The story of how a group of colleagues and friends ended up as partners in a power washing business will be told at some point.
Many others too, but without the trust, wisdom, and relationships of that group, the guts of this post would have never been a reality.
But that’s another topic.
Today, we’re going back a few months to June 1st.
Squids Squad Training Day as the calendar hold reflected.
For a few weeks, heck, months even, this new venture / project was forming, and I went into recruiting mode for staffing.
The commercial goal was clear.
Take the brave, beautiful business that Brodie had built, and grow it.
Add projects, add service lines, add revenue to the top.
Build a brand.
None of that would work without adding team members.
The good news?
We have a decade plus coming at us with kids in high school.
The recruiting ground is fertile.
With Brodie as the Chief Training Officer, we felt comfortable that if we identified the right characters (with character) in this story, we could equip them to be dangerous (in the best possible way) and effective.
We found 8 who fit the bill.
We ordered Nike and Bella and Richardson and other cool swag for them.
We gave them an alliterative set of expectations: The 10 P’s.
Polite. Prompt. Professional. Pleasant. Patient. Passionate. Precise. Proud. Poised. Pristine.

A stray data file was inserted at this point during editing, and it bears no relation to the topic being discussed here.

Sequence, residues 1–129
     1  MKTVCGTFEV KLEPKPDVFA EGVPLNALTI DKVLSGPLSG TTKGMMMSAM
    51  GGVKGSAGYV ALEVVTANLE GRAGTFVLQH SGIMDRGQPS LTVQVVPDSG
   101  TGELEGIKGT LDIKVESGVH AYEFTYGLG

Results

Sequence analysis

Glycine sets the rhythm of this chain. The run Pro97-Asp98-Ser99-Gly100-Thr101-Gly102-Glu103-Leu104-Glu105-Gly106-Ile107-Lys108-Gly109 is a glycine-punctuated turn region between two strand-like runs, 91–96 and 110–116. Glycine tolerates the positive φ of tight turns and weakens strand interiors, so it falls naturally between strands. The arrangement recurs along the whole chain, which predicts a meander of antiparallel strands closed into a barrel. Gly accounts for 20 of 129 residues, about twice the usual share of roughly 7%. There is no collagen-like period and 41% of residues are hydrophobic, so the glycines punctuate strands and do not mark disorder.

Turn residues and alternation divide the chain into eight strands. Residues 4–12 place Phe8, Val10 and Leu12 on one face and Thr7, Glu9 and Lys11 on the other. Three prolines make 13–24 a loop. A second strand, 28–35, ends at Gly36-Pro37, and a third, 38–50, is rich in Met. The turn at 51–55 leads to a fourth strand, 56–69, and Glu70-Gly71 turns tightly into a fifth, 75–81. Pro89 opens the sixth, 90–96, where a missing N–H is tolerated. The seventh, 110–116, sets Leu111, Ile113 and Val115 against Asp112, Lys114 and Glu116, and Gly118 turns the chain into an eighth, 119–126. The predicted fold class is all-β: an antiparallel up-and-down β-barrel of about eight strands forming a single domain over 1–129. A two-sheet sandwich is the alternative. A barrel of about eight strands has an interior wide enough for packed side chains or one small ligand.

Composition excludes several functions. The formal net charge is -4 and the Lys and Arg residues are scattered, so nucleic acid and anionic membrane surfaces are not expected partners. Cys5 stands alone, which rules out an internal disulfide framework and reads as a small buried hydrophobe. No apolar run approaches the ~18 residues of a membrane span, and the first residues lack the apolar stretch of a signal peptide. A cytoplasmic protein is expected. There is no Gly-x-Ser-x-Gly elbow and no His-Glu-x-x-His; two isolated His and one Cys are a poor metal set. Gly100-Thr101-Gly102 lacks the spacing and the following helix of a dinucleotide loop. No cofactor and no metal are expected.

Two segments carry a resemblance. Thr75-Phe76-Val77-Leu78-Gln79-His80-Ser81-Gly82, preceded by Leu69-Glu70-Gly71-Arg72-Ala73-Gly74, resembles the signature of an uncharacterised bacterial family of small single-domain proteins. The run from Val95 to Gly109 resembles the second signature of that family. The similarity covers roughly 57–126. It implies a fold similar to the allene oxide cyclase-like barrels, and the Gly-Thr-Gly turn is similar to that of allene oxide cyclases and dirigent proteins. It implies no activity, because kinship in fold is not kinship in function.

Each with 3 descriptions and ways to bring those P’s to life.
Brodie taught them about chemicals and engines and o-rings and surfactants.
They listened. They cared. They worked.
And they showed up.
Over the course of three months, and hundreds of jobs, many of which were 95+ degree days, we had ZERO no-shows.
Zero BS excuses.
Zero fake sick call-ins.
Zero it’s too hots.
To be sure, they did some stupid stuff (not nearly as dumb as when I overfilled the oil and about blew up the van) like drag hoses around sharp corners and cut them. Or spilling bleach in the back seat of the truck. Or leaving equipment in yards.
They never disrespected a client.
They never left without the job getting done.
They never failed to get the keys to the right place.
They never stole.
They never shied away from the massive responsibility we thrust them into.
“Who drove the van here,” one bewildered client asked as two 18-year-old girls hooked up hoses, changed o-rings, turned on machines, and did dirty, hard work in the summer heat.
“I did,” one Squad member replied without breaking stride from the mission.
“You’re like 14,”
“No, sir, I’m 18, and this is my summer job.”
I’m still processing what they taught me.
And what it means for the future of Squids Pro Wash, but more-so, the future of our economy.
Judging by the characters of the Squids Squad, I think we’re going to be in great hands.